Note: the FAQs on the GRO website have yet to be updated to reflect the new date - I understand that this is in hand.
One of the limitations of the online birth and death indexes at the GRO website is being unable to search by county - restricting a search to a single registration district isnít ideal. Fortunately it is possible to search by county at both FreeBMD and Findmypast (I wouldn't recommend trying to search by county at Ancestry as their allocation of registration districts to counties is rather erratic - for example, Birmingham can turn up as West Yorkshire, and Southampton as Buckinghamshire!).
But I was shocked last week to get an email from a LostCousins member who told me that Findmypast had apparently dropped the County field from their Search form, and when I investigated I discovered they were correct. Fortunately it turned out to be only temporary, but in the meantime I was able to come up with a 'fix' in case it should happen again (simply add &county=rutland to the URL for the results page).
Tip: when youíre searching at Findmypast itís almost always best search a single record set - choose the A-Z of Record Sets from the Search tab.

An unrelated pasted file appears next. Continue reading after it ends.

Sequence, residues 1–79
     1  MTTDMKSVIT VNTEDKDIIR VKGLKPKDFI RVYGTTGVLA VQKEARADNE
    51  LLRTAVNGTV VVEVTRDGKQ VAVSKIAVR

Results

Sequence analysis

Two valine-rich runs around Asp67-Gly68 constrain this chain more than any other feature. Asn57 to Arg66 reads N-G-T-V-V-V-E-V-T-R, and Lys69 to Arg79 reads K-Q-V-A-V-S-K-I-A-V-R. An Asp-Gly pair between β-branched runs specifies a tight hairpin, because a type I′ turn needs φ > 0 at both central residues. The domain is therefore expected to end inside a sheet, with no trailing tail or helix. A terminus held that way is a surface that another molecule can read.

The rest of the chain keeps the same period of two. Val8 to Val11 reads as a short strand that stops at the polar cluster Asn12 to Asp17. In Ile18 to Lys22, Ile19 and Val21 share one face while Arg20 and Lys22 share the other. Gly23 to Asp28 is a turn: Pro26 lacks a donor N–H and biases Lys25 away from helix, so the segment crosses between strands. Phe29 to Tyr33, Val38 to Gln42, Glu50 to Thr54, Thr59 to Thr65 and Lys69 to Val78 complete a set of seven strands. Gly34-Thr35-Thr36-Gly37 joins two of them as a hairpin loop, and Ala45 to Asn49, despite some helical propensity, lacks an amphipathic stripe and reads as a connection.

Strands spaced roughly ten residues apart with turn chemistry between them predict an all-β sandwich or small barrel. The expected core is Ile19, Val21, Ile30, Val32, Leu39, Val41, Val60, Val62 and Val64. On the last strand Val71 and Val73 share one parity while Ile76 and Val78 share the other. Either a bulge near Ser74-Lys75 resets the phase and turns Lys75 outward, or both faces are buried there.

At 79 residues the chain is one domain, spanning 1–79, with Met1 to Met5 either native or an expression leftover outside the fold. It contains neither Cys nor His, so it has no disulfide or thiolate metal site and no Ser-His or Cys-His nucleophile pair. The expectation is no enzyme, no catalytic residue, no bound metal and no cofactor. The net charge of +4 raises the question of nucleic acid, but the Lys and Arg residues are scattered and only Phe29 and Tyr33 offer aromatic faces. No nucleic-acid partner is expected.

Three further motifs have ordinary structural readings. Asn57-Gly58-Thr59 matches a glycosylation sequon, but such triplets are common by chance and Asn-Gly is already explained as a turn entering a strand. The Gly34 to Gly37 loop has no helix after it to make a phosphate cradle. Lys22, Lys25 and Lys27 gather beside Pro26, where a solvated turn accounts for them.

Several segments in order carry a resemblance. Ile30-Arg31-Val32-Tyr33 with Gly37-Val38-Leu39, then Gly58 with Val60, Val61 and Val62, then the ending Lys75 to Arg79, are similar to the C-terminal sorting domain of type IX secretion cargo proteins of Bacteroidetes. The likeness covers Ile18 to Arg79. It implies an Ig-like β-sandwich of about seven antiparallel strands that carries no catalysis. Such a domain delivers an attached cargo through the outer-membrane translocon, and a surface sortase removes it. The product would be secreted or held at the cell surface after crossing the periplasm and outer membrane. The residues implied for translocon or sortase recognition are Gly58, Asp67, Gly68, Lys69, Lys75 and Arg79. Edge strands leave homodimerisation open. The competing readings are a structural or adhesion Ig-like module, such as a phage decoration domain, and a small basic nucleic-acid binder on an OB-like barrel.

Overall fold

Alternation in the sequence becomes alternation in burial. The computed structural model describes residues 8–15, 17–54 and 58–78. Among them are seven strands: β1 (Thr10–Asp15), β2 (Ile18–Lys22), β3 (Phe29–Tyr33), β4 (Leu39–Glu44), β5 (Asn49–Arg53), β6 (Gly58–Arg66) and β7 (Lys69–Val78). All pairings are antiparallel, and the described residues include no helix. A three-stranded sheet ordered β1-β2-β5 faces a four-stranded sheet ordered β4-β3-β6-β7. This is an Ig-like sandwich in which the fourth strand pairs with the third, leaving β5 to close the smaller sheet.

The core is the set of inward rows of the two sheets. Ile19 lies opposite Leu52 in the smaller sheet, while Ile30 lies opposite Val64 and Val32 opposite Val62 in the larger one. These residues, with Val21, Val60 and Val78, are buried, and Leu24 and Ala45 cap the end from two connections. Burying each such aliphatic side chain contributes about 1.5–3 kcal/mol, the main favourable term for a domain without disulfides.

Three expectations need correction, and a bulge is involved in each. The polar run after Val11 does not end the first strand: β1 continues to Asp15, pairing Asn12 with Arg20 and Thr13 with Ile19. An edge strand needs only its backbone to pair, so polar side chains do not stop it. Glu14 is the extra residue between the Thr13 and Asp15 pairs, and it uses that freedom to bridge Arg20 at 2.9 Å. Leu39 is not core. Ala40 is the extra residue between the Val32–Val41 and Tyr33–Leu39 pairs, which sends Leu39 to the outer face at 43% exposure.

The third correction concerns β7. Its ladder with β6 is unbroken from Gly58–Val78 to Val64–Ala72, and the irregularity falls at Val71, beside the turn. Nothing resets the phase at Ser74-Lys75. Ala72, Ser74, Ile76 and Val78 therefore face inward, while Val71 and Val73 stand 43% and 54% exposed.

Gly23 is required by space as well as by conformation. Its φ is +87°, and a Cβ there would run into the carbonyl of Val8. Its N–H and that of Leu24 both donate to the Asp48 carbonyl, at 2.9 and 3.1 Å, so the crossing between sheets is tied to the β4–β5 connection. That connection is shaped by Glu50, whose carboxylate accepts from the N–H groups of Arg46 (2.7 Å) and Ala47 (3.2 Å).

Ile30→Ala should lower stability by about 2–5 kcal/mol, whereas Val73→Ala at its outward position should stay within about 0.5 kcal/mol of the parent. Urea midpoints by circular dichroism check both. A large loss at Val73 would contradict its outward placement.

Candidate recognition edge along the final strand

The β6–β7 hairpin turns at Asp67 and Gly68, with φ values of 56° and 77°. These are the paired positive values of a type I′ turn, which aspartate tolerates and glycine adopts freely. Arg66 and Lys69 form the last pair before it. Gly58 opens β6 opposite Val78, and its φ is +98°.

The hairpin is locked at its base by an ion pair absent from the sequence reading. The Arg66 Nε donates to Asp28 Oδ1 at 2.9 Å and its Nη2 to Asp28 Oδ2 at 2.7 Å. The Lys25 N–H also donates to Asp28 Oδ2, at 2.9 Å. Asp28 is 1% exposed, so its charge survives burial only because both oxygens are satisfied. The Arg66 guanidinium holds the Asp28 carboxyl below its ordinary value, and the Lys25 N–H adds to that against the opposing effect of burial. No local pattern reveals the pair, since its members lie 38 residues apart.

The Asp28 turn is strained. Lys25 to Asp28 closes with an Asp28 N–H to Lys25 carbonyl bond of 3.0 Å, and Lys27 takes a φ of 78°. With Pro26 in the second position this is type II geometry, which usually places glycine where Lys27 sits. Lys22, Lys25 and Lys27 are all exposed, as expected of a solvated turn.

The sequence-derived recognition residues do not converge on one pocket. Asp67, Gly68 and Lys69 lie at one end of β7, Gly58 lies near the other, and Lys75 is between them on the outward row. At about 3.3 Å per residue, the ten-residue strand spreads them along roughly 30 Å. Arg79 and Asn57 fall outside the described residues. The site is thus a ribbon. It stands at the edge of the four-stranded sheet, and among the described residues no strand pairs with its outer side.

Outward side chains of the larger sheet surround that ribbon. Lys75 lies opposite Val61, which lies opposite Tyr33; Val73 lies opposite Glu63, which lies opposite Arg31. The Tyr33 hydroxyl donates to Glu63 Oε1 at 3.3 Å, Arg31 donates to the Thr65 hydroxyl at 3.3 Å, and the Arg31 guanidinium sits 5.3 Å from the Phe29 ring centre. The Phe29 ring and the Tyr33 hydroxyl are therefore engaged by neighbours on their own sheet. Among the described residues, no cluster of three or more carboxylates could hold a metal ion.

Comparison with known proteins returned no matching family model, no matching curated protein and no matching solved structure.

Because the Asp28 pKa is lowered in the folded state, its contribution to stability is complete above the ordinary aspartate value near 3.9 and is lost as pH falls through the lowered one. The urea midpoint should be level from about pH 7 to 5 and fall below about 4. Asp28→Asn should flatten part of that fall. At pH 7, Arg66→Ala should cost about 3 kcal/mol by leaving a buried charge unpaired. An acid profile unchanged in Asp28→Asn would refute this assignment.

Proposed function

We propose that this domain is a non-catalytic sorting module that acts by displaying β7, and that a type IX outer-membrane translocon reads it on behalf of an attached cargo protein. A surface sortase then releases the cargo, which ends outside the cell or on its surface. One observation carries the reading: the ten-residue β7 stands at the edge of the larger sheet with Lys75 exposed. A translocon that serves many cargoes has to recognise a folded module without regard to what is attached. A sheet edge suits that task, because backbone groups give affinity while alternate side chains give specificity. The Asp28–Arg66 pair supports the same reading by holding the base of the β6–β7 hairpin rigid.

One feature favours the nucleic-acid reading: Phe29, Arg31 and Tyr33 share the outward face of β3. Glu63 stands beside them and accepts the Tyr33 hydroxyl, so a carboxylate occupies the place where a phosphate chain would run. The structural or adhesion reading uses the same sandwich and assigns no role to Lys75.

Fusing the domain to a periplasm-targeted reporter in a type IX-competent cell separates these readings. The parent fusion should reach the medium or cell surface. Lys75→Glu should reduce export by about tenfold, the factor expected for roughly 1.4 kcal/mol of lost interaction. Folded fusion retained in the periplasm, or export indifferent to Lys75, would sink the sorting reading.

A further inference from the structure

Parish registers for the Suffolk parish of Whitton, which were in a safe stolen from the church of St Mary and St Botolph on the night of December 30th/31st, have been recovered - the safe was found dumped in a field. Although the registers have suffered water damage they are undergoing conservation work at Ipswich Museum and the Suffolk Records Office, so itís unlikely that any data will have been lost (most incumbents use the same permanent ink, required for marriage registers, for all their register entries).
I found an interesting document on the Norfolk Record Office website - itís an information leaflet to help parishes look after their records. I found it particularly interesting to see the list of records which should be kept - and those that may be destroyed, the latter including banns, burial, and disposal certificates as well as baptism and banns applications.